I recently heard from a young man who works in a start-up. He enthusiastically described the company’s free-form, conversational, and informal culture. However, despite everything that senior management was doing to achieve this creative atmosphere, he could see that they had blind spots that were preventing them from reaching their highest performance. And it revolved around their stereotypical attitudes about gender. Here is the story my young friend shared with me:
“There’s one person I work with, named Stella, who is far and away the highest-performing person I’ve yet seen at this company. There is not a moment of her time not being used to its fullest extent – forming and driving strategy, mitigating problems, evaluating current state and re-adjusting her direction as needed – it’s amazing. I once saw her wearing her headset conducting a conference call while trying on various types of shoes for her upcoming wedding. That she has been able to successfully juggle the million different things she’s been dealing with is incredibly impressive. She is certainly doing far more work than any one person should be doing, but at a company of this size, everyone is also being taxed to maximum.
Recently, she was given ownership of the company’s most valuable project and our senior management told her it needed to be ‘launched’ within 5 months. This created a lot of pressure and Stella was as stressed as I’ve ever seen her, completely frazzled by the end of the day. We talked and she vented a bit about how wild it was. Senior management didn’t provide any clear set of tasks to be accomplished or a clear tracking system, so she’s been defining all that and moving forward with her plan, just as they’d asked her to do. But, and here’s the thing, the higher ups (Don and Gabe) keep coming by to tell her to focus on this or that, ‘backseat managing’ essentially, giving her directives that contradict her plan, and overall not trusting her to run this herself.
One comment she made that stuck with me was, “You know, if I was Don or Gabe putting this plan into action, people would be asking me how they could help, but when it has been handed to a woman they are questioning every decision.”
Our senior management are assuming they know best, despite the fact they gave her the task because they had no plan at all! It makes it tough to be loyal when they are being so blind.”
My young friend is right- none of us like to see inequities. It is a demotivator. Stella is right too. The senior managers don’t have the same confidence in a woman that they would have in a man. Unfortunately, they have a blind spot regarding the capability of women leaders. We have all been programmed from a young age to believe that men are the only ones that have ‘what it takes’ and this stereotypical subconscious bias is hard to overcome.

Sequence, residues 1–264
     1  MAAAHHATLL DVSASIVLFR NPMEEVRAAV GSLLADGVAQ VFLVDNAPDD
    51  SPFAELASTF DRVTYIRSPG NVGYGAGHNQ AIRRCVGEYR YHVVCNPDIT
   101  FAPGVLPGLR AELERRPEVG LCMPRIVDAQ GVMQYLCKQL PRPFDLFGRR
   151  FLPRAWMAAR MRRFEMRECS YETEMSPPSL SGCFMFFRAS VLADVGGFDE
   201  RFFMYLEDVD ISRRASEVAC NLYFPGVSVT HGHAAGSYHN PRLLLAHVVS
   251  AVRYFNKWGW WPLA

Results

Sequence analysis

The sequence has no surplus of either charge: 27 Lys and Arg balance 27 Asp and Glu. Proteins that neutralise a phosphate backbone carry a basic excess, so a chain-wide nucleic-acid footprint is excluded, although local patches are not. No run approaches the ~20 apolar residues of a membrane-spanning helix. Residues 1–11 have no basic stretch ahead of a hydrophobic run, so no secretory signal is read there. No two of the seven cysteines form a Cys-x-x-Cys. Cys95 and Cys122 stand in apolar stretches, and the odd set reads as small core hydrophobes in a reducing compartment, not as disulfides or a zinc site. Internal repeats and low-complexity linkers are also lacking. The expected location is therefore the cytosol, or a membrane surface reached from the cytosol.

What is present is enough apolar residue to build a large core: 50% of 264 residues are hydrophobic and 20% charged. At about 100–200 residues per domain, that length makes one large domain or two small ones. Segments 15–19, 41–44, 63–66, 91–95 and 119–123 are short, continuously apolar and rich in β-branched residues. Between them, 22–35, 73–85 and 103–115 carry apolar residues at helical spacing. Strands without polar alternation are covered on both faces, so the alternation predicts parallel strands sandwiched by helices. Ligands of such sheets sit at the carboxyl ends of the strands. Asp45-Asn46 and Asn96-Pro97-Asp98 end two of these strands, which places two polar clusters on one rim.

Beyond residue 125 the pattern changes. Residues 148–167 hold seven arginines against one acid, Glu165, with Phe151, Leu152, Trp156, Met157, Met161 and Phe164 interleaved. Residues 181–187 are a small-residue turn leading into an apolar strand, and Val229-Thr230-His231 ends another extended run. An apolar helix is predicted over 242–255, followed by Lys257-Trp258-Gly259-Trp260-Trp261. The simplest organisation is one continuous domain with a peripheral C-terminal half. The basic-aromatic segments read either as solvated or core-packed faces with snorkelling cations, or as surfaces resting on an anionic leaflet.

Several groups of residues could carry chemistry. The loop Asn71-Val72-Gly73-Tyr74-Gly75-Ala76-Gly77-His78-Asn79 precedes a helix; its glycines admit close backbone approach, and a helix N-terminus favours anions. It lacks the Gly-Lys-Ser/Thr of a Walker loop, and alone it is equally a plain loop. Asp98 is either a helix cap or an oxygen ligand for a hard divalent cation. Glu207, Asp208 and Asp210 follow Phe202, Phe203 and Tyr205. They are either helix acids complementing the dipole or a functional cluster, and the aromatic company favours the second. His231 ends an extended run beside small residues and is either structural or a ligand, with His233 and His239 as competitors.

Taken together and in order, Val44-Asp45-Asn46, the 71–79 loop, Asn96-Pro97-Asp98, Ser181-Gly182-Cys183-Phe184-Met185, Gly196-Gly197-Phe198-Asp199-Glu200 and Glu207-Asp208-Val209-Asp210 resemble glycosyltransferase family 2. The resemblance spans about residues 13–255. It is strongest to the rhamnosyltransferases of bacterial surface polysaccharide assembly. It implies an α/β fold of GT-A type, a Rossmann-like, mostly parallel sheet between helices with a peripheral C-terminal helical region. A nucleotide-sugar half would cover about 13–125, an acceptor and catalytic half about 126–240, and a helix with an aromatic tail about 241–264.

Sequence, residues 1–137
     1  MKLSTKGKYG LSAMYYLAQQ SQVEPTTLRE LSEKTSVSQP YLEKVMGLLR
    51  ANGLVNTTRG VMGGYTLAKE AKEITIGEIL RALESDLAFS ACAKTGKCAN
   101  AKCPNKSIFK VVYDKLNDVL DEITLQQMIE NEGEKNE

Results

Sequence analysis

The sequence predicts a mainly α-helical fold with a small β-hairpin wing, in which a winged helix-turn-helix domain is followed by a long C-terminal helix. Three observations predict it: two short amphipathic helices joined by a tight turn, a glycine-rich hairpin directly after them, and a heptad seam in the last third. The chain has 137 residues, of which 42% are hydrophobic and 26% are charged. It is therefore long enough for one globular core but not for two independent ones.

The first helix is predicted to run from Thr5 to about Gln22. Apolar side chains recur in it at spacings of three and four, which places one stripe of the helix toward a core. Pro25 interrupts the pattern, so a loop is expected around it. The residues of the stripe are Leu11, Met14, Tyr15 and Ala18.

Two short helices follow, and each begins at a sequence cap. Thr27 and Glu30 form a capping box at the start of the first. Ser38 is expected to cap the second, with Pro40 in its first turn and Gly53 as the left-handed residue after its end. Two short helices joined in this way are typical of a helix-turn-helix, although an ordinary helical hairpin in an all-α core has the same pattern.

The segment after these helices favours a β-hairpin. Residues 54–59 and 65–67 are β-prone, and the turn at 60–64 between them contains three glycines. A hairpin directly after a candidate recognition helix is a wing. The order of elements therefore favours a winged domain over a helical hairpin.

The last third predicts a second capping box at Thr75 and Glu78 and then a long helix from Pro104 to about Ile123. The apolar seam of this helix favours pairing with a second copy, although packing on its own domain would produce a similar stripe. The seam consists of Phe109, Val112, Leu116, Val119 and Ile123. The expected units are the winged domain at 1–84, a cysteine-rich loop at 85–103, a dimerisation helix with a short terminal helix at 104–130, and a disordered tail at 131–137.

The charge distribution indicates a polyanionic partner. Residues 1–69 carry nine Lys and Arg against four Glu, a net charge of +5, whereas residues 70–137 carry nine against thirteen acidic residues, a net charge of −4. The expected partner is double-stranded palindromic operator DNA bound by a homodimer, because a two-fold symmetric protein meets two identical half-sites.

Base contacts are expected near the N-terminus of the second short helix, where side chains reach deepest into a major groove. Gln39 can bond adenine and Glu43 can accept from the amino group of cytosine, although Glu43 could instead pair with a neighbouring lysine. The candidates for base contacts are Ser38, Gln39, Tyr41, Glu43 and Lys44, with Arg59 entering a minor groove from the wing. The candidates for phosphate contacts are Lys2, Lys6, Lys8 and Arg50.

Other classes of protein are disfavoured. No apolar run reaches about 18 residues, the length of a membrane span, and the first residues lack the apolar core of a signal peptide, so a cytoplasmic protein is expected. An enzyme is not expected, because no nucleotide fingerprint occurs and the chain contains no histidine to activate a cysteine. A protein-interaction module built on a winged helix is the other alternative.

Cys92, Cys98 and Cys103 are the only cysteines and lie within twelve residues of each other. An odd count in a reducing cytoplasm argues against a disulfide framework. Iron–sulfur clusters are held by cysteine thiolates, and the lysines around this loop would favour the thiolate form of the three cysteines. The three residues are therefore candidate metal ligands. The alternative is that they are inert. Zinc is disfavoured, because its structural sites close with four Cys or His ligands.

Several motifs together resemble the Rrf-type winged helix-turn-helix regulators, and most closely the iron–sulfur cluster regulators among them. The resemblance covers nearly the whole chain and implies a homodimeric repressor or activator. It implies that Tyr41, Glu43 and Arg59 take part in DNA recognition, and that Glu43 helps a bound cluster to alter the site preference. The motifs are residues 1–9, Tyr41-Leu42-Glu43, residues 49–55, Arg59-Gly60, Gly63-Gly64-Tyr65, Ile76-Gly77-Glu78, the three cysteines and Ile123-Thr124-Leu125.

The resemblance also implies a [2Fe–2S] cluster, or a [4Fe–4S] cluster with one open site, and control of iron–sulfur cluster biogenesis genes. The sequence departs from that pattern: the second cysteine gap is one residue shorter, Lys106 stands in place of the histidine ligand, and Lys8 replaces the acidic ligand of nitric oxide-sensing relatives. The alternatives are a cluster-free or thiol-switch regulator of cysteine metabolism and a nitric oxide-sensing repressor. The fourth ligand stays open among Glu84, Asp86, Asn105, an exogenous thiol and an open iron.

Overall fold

These gendered beliefs come from socialization that starts at birth and is then programmed into the software of our subconscious. Children are influenced by parents, teachers, media, religion and peers starting as young as three months.
For example, boys are taught to be curious, active and constantly testing boundaries. They are encouraged to venture away from their mothers and skin their knees. Meanwhile girls are raised to sit prettily by their mothers, listening politely and being demure. The Journal of Paediatric Psychology found that parents are “four times more likely to tell girls than boys to be more careful” after either had experienced a trip to the emergency room for a minor injury. It is no wonder that girls grow up to be more risk aware.
Even parents who want to raise their children without gender bias are prone. Research by John and Sandra Condry at Cornell found that sex differences were in the eye of the beholder. When babies reacted to a jack in the box, observers described those they believed to be boys as angry while those they believed to be girls were described as fearful.
Author Lise Eliot in Pink Brain, Blue Brain: How Small Differences Grow Into Troublesome Gaps, cites research which shows how parents describe their babies with the stereotypical attributes of their sex. Baby boys were labelled as active and baby girls were described as cuddly when outside observers saw no difference.
Its not just our parenting- it is also our media. Consider that the Sesame Street characters Bert, Ernie and Cookie Monster are all male except for Miss Piggy who is bossy, jealous and vain- not exactly a good role model for young girls. It also sends a less than positive message on female gendered behaviour to all children.
Cultural expectations around gender are also evident in school where research shows that teachers call more on boys. In fact, decades of studies by Sadker and Zittleman released in 2015 shows that teachers spend up to 2/3 of their time talking to male students encouraging them to seek deeper answers while they reward girls for keeping quiet.
In religion those at the top of the hierarchy are male so both boys and girls are taught to pray to an almighty male. This also makes it hard to ‘see one, be one’ for young girls.
To be accepted into a peer group, boys are encouraged to play sports and talk about cars while girls are encouraged to look good and please men.
Each of us has been socialized in this way so it is not a surprise that for women like Stella, both men and women will doubt a woman at the top. To overcome these blind spots, we have to become aware and acknowledge that each of us has them. In other words, to become conscious of our bias to make a conscious effort to change. Only then will we see the light and our companies will reap the rewards that come from having loyal and motivated employees.